• 10 Things I Learned: The Gold Rush

    By Abbey Lustgarten

16 comments

  • By Kevin
    June 13, 2012
    09:29 PM

    I think the dueling barbershop chairs scene is from The Circus, not The Great Dictator.
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    • By Mark
      June 14, 2012
      01:46 AM

      It's The Great Dictator. Jack Oalkie and Chapln were the chairs. No barber chairs in The Circus.
    • By Ryan
      June 15, 2012
      01:13 PM

      Mark, I think the scene Kevin means is when they did the barber gag while Chaplin's Tramp was being tested out for the circus. But indeed, the Rabbit of Seville sequence mentioned is much more like Dictator.
  • By Narrator
    June 13, 2012
    09:35 PM

    Chaplin may prefer it, but the '42 cut is greatly inferior to the '25 cut. The narration just kills the film, in my opinion.
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    • By dudu
      June 14, 2012
      02:00 PM

      Also the original ending is much more powerful.
    • By Keith
      June 14, 2012
      02:41 PM

      Historically interesting, however. I'm just glad we got both.
    • By Rick Schultz
      June 20, 2012
      04:24 PM

      I agree. Chaplin's talking kills the film. Almost completely -- the immaculateness of the print must be the primary reason this later version leads the new Criterion release. Chaplin liked to hear himself talk, and there's too much explaining of what we're seeing. Things like, "Now the little man has dropped his hat..." Yikes. As the critic Robert Warshow observed, once Chaplin started talking, the problem was he wouldn't shut up. I'll try watching it without the sound.
  • By Hunter Hale
    June 15, 2012
    06:58 PM

    What the 1942 version of THE GOLD RUSH gave us that greatly enhances the film is the Chaplin music. Now we finally have a beautiful looking 1925 cut of the film with that score on the film! Watching THE GOLD RUSH without Chaplin's score is like watching THE RED SHOES in black & white. The music adds a dimension to the film that can not be over estimated. As to the his narration for the 1942 film -- I like it. And this comes in handy for introducing young people who do not yet read well to a silent classic. Try it -- I have. Years ago I screened the Super 8mm official release for a group of young and old and it was magic. The Criterion release of THE GOLD RUSH on Blu-ray is one of their strongest releases ever. Every one of the Extras as well as the commentary are outstanding.
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    • By Rodney Hill
      June 20, 2012
      06:50 PM

      Young people uniformly love the 1925 version of the film, in my experience teaching it in an intro college course. Contrary to some contemporary film theories, audiences are able to "read" silent films quite readily. This is a great film to introduce students to the wonders of silent cinema.
    • By Shaun
      June 20, 2012
      11:07 PM

      Rodney, I believe Hunter means the narration helps young children who may have trouble reading the intertitles.
  • By Hunter Hale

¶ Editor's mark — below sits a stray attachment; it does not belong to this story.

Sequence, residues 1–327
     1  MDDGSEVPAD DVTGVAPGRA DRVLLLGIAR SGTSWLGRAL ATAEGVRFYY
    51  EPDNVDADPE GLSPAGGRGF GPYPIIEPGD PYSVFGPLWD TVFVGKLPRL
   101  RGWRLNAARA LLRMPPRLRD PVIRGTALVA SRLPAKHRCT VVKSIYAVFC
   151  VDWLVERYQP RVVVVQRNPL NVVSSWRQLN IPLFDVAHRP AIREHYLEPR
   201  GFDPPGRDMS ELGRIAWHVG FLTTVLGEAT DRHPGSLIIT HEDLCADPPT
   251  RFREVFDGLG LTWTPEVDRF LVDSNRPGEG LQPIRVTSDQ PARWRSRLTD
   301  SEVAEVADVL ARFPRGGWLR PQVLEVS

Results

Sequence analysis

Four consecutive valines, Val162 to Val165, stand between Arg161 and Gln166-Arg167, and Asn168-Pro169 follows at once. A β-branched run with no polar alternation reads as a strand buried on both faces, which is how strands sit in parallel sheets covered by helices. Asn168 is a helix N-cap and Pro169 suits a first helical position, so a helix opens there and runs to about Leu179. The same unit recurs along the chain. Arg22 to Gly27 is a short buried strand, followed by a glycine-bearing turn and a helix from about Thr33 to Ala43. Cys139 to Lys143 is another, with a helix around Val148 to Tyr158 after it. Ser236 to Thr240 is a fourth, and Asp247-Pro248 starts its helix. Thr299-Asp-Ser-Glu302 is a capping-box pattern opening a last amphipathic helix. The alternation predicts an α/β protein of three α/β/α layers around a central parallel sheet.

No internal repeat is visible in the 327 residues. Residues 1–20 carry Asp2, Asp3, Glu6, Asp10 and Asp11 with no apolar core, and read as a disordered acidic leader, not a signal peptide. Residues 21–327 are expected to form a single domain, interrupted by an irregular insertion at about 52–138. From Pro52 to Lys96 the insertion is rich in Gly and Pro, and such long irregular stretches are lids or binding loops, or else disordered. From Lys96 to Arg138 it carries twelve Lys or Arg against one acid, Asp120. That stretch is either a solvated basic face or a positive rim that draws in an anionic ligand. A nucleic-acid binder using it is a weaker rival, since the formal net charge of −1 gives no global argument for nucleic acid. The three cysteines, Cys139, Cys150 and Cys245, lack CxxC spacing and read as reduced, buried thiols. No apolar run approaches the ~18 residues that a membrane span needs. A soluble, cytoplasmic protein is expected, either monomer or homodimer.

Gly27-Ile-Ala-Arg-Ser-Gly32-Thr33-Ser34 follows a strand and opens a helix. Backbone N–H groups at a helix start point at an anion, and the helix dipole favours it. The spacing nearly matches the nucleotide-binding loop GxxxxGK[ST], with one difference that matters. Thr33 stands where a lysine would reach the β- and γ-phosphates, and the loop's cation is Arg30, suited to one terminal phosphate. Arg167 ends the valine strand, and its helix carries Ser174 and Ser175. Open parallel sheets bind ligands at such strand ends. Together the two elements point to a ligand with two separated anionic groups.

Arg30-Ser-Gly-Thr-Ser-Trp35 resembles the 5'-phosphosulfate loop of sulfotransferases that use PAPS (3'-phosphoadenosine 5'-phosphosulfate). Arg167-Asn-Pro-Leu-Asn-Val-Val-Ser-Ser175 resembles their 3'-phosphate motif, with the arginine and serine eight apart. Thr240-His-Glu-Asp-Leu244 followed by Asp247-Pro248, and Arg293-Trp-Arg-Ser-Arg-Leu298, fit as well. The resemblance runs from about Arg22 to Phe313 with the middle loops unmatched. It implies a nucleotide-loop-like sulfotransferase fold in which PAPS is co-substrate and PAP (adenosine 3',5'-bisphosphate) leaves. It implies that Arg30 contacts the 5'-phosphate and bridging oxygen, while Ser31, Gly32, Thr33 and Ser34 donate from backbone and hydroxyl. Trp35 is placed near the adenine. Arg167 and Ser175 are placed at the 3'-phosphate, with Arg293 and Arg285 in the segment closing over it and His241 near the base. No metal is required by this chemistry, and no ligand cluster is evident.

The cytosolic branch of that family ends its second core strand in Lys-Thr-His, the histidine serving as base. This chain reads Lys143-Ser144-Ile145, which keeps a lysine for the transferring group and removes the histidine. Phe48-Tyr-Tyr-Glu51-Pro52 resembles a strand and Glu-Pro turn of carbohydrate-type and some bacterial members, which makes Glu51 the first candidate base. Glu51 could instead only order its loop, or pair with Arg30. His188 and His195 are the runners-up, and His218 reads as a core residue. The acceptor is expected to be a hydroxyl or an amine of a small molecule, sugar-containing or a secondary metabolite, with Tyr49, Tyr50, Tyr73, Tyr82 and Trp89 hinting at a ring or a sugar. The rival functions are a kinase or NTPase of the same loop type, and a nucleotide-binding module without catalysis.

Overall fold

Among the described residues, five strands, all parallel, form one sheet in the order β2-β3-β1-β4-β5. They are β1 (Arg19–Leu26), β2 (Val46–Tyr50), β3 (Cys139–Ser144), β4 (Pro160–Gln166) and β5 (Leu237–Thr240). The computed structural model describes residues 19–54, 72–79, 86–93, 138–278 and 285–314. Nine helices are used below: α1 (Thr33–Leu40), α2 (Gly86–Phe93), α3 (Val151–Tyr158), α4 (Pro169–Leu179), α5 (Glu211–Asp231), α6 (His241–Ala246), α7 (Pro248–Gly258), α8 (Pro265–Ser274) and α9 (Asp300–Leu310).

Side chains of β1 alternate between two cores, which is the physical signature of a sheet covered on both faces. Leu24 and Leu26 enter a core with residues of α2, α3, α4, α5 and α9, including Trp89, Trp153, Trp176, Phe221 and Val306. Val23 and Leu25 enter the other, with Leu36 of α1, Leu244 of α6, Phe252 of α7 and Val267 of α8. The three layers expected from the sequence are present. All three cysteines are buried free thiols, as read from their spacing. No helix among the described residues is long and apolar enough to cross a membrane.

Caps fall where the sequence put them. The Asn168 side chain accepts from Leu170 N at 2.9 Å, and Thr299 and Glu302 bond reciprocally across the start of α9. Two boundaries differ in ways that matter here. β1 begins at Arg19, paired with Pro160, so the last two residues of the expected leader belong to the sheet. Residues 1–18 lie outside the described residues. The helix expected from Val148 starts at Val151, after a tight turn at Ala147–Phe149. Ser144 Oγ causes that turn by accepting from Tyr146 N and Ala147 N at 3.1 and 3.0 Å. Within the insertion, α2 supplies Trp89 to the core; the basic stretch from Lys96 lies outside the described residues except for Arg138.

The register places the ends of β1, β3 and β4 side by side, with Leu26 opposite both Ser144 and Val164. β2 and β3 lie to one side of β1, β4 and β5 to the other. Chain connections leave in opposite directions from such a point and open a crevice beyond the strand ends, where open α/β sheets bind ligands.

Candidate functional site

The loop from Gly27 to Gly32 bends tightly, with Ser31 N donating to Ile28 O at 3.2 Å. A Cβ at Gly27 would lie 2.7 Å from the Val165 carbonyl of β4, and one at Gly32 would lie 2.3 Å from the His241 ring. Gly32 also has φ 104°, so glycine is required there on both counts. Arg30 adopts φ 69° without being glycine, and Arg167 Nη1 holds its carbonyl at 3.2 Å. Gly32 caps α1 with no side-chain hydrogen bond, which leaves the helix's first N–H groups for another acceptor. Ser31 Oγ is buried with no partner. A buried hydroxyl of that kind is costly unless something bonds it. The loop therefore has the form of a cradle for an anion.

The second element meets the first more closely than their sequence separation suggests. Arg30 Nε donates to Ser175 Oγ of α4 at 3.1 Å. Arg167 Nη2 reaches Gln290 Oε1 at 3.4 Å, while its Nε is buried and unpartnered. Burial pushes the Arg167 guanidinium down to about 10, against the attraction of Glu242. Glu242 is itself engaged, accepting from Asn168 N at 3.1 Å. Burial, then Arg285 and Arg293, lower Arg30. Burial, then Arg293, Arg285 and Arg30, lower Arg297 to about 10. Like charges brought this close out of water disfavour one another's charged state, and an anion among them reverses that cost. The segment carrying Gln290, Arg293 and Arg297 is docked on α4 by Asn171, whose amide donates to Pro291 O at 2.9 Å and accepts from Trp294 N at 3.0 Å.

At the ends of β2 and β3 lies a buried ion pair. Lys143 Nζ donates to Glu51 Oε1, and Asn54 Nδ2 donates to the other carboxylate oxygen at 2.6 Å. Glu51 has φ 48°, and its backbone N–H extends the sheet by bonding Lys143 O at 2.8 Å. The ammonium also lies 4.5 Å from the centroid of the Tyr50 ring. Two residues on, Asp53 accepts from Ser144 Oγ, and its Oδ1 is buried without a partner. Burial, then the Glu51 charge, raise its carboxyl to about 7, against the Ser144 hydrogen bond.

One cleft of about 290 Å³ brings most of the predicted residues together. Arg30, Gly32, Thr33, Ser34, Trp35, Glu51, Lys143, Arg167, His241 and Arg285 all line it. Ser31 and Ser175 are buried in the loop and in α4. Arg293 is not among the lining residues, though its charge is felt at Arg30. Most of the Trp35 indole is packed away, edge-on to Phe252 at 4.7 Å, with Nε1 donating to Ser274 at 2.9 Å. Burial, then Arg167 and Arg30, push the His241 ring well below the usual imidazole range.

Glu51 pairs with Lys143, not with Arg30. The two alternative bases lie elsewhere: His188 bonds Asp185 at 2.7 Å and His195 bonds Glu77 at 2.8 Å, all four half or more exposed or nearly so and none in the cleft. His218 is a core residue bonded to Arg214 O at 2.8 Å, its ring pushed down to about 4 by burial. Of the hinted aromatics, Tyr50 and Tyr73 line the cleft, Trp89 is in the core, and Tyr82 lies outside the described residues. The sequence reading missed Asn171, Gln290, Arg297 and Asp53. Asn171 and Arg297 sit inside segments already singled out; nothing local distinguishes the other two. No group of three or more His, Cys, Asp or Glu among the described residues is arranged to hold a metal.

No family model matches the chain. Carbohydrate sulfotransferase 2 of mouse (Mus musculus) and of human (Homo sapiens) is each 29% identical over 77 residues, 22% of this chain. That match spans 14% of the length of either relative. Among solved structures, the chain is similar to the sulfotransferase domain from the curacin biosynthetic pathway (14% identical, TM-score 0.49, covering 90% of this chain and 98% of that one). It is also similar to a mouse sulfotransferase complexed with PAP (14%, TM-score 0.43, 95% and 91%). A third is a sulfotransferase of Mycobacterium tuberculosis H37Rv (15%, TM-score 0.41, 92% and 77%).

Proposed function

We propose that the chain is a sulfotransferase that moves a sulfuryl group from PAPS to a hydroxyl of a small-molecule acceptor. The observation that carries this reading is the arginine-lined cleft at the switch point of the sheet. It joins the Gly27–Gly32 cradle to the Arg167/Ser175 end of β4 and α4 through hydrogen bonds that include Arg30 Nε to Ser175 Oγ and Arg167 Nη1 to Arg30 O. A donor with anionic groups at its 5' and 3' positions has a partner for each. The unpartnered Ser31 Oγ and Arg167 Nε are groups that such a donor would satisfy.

June 15, 2012
    07:13 PM

    This might be of interest to THE GOLD RUSH fans who prefer the original 1925 version. Between 1989 and 1991 I did a frame by frame comparison of the 1925 release with the 1942 version. This close comparison showed that many of the scenes in the newer release where actually longer in length then in the 1925 release. A closer look at shots showed that many of them were different takes. Some sections were entirely different shots and editing. The compiled findings were sent to Kevin Brownlow in England. He and David Gill are responsible for the current reconstructed 1925 film. He wrote me back that they had been trying to interest the Chaplin estate into doing a restored version of the original film and they were not interested as the 1942 release was considered to be Chaplin's final word on the film. Showing them that the two films were mostly made up of different takes helped to change their minds and they were given to go ahead to reconstruct it. Then the challenge became one of finding decent material to work with. This is covered well on the documentary included in the Extras. What we finally have is the opportunity to enjoy the 1925 versions in a very nicely restored print with Chaplin's own music newly recorded for it. This ranks as one of the major Blu-ray achievements to date.
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    • By Mike
      June 20, 2012
      11:33 PM

      Fascinating. I want your job.
  • By repete66211
    June 20, 2012
    03:44 PM

    The name's *Roscoe* Arbuckle.
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  • By rajanparthipan
    June 20, 2012
    10:43 PM

    Truly i appreciate beauty of the film.
    Reply
  • By dce1249
    June 22, 2012
    02:41 PM

    We are lucky to have any version of THE GOLD RUSH as a Criterion release - to have both is a true gift for Chaplin fans. I, too, prefer the i925 version only because of the endless narration in the re-issue version. Chaplin was as visually oriented an artist as Keaton was, and a viewer just wants to bask in the shots and the music, and let the pictures tell the story. Charlie was way too enamored of the sound of his own voice after he embraced sound. So the next big question is - when can we expect CITY LIGHTS?
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  • By MirrorGirl
    June 23, 2012
    11:28 PM

    I'd love to be able to add that one to my collection of stereoscopic cards--it's gorgeous.
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